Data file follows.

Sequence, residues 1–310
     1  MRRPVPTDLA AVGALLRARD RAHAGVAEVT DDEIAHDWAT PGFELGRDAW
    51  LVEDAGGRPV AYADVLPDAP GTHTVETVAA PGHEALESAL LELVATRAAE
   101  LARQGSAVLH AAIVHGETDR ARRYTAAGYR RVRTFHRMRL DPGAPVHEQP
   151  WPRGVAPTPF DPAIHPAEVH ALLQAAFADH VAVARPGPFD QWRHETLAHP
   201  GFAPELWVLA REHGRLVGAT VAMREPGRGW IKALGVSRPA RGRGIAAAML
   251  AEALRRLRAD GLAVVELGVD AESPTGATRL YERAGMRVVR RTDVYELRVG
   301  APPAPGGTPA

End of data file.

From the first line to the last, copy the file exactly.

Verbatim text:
Sequence, residues 1–310
     1  MRRPVPTDLA AVGALLRARD RAHAGVAEVT DDEIAHDWAT PGFELGRDAW
    51  LVEDAGGRPV AYADVLPDAP GTHTVETVAA PGHEALESAL LELVATRAAE
   101  LARQGSAVLH AAIVHGETDR ARRYTAAGYR RVRTFHRMRL DPGAPVHEQP
   151  WPRGVAPTPF DPAIHPAEVH ALLQAAFADH VAVARPGPFD QWRHETLAHP
   201  GFAPELWVLA REHGRLVGAT VAMREPGRGW IKALGVSRPA RGRGIAAAML
   251  AEALRRLRAD GLAVVELGVD AESPTGATRL YERAGMRVVR RTDVYELRVG
   301  APPAPGGTPA